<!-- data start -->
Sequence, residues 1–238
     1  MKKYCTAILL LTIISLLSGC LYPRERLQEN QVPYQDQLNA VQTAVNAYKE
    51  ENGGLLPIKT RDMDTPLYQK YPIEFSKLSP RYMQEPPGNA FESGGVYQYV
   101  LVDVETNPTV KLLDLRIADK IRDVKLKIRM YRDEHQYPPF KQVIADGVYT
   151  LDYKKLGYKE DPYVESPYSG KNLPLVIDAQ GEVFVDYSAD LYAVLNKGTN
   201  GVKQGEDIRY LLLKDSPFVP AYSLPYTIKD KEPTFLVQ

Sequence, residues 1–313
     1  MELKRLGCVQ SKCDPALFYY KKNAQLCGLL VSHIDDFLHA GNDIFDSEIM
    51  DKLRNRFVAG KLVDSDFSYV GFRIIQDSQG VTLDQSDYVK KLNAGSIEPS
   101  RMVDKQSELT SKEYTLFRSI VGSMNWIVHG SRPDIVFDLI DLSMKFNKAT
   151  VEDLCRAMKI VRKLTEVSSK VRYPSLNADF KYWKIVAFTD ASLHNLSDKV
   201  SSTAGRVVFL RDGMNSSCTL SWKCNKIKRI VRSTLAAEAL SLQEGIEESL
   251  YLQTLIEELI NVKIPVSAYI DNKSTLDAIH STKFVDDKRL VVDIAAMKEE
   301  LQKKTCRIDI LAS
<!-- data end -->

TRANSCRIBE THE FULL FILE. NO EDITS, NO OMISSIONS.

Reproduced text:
Sequence, residues 1–238
     1  MKKYCTAILL LTIISLLSGC LYPRERLQEN QVPYQDQLNA VQTAVNAYKE
    51  ENGGLLPIKT RDMDTPLYQK YPIEFSKLSP RYMQEPPGNA FESGGVYQYV
   101  LVDVETNPTV KLLDLRIADK IRDVKLKIRM YRDEHQYPPF KQVIADGVYT
   151  LDYKKLGYKE DPYVESPYSG KNLPLVIDAQ GEVFVDYSAD LYAVLNKGTN
   201  GVKQGEDIRY LLLKDSPFVP AYSLPYTIKD KEPTFLVQ

Sequence, residues 1–313
     1  MELKRLGCVQ SKCDPALFYY KKNAQLCGLL VSHIDDFLHA GNDIFDSEIM
    51  DKLRNRFVAG KLVDSDFSYV GFRIIQDSQG VTLDQSDYVK KLNAGSIEPS
   101  RMVDKQSELT SKEYTLFRSI VGSMNWIVHG SRPDIVFDLI DLSMKFNKAT
   151  VEDLCRAMKI VRKLTEVSSK VRYPSLNADF KYWKIVAFTD ASLHNLSDKV
   201  SSTAGRVVFL RDGMNSSCTL SWKCNKIKRI VRSTLAAEAL SLQEGIEESL
   251  YLQTLIEELI NVKIPVSAYI DNKSTLDAIH STKFVDDKRL VVDIAAMKEE
   301  LQKKTCRIDI LAS